I remember well the Christmas when my son didn’t come home: During the holidays of 2006, when Jeff didn’t come home for our large Italian family gatherings, no one knew what to do or say. Grandparents, uncles, aunts, cousins, and friends didn’t know whether to ask about my addicted son or whether it would kinder to leave him out of the conversation. At Christmas Eve Mass, my older brother bent toward me and asked softly, “How’s Jeff?” I swelled with tears, tried to speak, but no words came. He nodded and turned toward the altar. I kept my head down and prayed.

My reflection: The holidays put the addict on center stage when the accumulated chaos of his or her life, and ours, is excruciatingly public. It is during these gatherings of joy that addiction mocks us most.

Today’s Promise to consider: Addiction can severely isolate us this time of year. We come face-to-face, over and over again, with the reality that our lives are not as joyful as Hallmark’s greeting cards tell us they should be. I will avoid this toxic place by being compassionate with myself, with others and my loved ones. I will find my serenity in honesty and prayer. I will not allow addiction to rob me of my peace.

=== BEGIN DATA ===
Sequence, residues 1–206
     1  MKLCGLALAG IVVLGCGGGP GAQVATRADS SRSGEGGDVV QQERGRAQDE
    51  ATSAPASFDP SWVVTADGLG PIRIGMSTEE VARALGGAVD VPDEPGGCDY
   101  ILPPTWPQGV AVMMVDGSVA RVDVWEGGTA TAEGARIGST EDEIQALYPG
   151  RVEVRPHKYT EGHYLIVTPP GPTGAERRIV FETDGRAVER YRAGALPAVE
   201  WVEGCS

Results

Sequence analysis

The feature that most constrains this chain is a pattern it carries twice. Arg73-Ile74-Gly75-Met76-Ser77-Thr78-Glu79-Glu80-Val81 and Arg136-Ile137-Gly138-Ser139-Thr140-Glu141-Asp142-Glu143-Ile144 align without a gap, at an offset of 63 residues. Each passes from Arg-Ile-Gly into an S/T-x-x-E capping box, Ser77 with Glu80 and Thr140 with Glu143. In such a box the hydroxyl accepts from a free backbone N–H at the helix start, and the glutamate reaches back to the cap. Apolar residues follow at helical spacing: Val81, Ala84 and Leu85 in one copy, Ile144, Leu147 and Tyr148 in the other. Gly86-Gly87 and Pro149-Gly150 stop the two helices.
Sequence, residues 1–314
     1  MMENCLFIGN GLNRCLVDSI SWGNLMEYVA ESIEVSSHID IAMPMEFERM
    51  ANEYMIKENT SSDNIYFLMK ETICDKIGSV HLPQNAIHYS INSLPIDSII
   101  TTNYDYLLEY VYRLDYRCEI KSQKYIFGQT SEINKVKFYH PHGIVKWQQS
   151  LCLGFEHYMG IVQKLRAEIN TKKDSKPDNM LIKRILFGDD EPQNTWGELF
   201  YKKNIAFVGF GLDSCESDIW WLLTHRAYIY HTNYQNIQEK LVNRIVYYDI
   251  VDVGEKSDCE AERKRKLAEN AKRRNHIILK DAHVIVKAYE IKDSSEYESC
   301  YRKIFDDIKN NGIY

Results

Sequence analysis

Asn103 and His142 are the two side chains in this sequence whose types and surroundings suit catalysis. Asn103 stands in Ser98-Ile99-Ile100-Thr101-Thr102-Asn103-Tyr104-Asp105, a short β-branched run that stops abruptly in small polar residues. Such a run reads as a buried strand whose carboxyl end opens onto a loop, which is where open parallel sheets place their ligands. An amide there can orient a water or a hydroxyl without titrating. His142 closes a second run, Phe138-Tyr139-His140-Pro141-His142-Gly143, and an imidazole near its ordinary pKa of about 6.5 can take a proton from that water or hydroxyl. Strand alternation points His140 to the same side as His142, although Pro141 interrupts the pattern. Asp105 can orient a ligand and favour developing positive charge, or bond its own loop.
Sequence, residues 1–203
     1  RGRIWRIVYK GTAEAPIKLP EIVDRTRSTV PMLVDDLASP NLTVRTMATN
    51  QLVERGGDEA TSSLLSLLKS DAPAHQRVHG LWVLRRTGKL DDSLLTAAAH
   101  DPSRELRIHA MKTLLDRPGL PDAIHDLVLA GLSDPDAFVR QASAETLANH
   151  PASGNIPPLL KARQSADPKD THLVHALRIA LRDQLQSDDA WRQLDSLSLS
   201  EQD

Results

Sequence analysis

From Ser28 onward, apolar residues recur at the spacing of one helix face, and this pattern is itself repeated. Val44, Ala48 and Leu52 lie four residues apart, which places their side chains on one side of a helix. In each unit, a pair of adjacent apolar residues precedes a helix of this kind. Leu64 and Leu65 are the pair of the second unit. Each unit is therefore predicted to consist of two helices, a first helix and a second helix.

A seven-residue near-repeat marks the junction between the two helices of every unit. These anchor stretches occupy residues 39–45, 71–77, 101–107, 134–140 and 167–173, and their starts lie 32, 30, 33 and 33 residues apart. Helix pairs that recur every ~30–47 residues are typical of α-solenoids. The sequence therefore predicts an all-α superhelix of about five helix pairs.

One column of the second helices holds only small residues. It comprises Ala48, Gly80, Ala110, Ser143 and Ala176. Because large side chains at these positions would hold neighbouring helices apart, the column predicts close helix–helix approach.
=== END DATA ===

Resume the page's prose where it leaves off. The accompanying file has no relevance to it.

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5 years ago

Once again Libby, thank you for bringing this private pain into the shared light of awareness, so appropriate at this time of Winter Solstice when we are approaching the longest, darkest night of the year, followed by the return of the light; and during the holidays when supposed joyful gatherings of families and friends and longstanding traditions can oftentimes serve to heighten the disconnect we are feeling about the reality of what addiction can bring to the holiday table. In our family, over the last decade we have faced visiting our son twice in jail at Christmas when he was incarcerated for drug-related charges, and in other years our family holidays were overshadowed by the challenging and oftentimes frightening state our son was in during the years his addiction was active. This year we give thanks that he has been in recovery over one year and we can look forward to sharing precious time together and celebrate the season, while holding others who are suffering with compassion in our hearts and prayers.

Nanci J Morris
Nanci J Morris
5 years ago

Beautiful picture and weekly meditation. Heartfelt thanks for this reminder…one of strength, hope and courage.
Love to you and your family,